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Gregory Matthews

Passover & Christianity

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phkrause
9 hours ago, The Wanderer said:

Jesus would have no reason to tell us to "keep" all of these [alleged] 613 laws I highly doubt that you, for eg, even keep an eigth of the 613, but I would imagine that you atleast make some effort to keep the ten or the two commandments. There is a reason for that. The two "greatest commandments are indeed a summary of the two. The greatest commandment, is a call to our relationship with God, and the second being likewise, is a call to our relationship with others around us. Likewise, the first 4 call us to relationship with God; and the last 6 call us to one form or another of our relationships with others.

Exactly!!

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The Wanderer
33 minutes ago, phkrause said:

The two "greatest commandments are indeed a summary of the two.

This is a typo from my post. It was intended to say the two is a summary of the ten :)

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phkrause
9 minutes ago, The Wanderer said:

This is a typo from my post. It was intended to say the two is a summary of the ten :)

I knew that! :rollingsmile: I'm a mind reader, didn't you now that?? :)

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The Wanderer
2 hours ago, phkrause said:

I knew that! :rollingsmile: I'm a mind reader, didn't you now that?? :)

We have more than one of those on the forum lol

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8thdaypriest

Looking back to the slaves just coming out of Egypt, with no writing or reading, with no experience in things of God, with generations of mindless exhausted slavery, how can we say what they would need in the way of instruction and laws.   Dr Kholberg is famous for his analysis and studies of moral development.   I used his study as a basis for an article considering the relationship between the LORD and Israel.   Things we might consider "over the top" with thunder and lightnings and leprosy, and instant death for rebellion or disrespect, those were needed to gain the attention and respect of ancient Middle Eastern peoples.  Laws that make no sense to us today - like "thou shalt not trim the edges of your beard" - actually made sense within that context.  The LORD was telling them not to look like Babylonians.  The study is on my website - prophecyviewpoint.com.  Here's the link.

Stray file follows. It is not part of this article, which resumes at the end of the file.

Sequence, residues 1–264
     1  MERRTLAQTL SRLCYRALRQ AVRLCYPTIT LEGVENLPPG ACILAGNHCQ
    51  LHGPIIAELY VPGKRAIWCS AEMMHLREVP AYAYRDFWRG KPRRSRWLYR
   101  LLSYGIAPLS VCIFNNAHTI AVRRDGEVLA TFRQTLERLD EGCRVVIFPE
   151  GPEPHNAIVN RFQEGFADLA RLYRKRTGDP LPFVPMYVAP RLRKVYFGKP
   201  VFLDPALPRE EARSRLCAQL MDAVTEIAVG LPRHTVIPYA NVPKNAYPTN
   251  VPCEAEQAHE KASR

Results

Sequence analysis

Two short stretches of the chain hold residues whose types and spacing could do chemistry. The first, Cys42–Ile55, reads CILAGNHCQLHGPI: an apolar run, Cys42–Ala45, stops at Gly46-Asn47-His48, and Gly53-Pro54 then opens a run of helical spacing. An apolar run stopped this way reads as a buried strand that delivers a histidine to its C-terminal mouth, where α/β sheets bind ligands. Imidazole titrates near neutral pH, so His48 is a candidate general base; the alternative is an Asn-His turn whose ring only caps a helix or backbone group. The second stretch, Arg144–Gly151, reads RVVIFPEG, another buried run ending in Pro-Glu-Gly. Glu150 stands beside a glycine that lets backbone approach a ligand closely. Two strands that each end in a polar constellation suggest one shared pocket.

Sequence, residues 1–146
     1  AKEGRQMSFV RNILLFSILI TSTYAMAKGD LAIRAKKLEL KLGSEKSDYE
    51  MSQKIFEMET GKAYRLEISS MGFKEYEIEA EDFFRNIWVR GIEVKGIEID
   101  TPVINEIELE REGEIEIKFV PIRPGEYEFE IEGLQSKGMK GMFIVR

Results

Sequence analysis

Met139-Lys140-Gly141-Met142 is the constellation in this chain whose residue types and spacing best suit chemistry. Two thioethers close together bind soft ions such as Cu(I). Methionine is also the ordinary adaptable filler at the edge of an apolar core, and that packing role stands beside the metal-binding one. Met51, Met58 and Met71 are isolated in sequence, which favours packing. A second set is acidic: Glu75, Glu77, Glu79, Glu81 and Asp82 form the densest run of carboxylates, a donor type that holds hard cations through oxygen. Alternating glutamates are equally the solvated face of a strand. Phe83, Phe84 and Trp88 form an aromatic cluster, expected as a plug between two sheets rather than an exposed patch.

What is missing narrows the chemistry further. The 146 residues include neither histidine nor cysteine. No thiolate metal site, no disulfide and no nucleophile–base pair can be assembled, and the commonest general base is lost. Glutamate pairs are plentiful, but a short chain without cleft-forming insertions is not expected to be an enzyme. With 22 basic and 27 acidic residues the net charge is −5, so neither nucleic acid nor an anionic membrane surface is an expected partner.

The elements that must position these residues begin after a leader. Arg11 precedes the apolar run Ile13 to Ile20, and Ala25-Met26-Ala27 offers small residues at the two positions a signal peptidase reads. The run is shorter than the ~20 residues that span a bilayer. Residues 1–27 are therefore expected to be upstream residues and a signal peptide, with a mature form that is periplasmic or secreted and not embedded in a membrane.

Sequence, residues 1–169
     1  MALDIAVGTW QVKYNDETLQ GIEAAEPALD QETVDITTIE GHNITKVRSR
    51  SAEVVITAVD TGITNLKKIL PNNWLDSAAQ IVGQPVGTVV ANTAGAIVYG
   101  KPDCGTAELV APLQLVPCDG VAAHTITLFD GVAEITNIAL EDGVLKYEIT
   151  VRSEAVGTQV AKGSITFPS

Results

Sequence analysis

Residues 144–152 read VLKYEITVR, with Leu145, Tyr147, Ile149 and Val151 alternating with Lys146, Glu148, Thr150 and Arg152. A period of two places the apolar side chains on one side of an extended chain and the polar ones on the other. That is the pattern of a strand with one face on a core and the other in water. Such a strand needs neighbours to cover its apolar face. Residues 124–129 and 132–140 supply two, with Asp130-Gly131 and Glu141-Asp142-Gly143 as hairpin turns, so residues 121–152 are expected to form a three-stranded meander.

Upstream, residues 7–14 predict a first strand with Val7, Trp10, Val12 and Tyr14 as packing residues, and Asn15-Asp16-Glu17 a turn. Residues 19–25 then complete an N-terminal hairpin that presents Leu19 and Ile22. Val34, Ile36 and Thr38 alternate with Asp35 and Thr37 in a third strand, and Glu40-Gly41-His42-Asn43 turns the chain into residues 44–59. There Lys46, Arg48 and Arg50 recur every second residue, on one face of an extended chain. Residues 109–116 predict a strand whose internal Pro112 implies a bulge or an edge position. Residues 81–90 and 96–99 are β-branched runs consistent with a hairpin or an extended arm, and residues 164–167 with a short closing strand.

http://www.prophecyviewpoint.com/htdocs/37-Kohlberg.htm

As for dietary laws, I personally do not eat bottom feeders or scavengers.  Just makes sense.  Pigs were carriers of leprosy, and they were sacrificed in the worship of pagan gods.   The ancient Egyptians sacrificed a pig to the god of the underworld - on the first full moon of the vernal equinox. 

Laws of quarantine make sense today.   Separating a new mother, and leaving her alone for awhile - makes sense.    Giving women a time of separation once a month, actually gave them a little break and time to visit with other women.  It also put the next sex with their husbands at the right time for their ovulation - helping fertility. 

The more we examine the laws given to Israel, the more sense they make.   Doesn't mean we need to keep them in exactly the same way today.  But I think we should look for the principle involved, and try to incorporate those principles in our lives today.   The law that said men were not to dress like women - that law still applies.  But HOW it is applied from culture to culture, and from century to century - may be different.   Navajo Indian men still grow long hair.  In their culture that IS manly.  

As to the Feasts - I believe the priesthood was changed, and with it the sacrifice of animals.  But we can still celebrate what Christ has done, and will do - and commemorate/celebrate those things AT THE TIMES APPOINTED.  We don't go up to Jerusalem - at present, because there is no Temple there.  But someday - in the Kingdom, I believe we will.  We will go up for the sabbaths (the Feast days WERE sabbaths - rests), just as ancient Israel was commanded to appear before the LORD at Jerusalem three times in the year for the Feasts.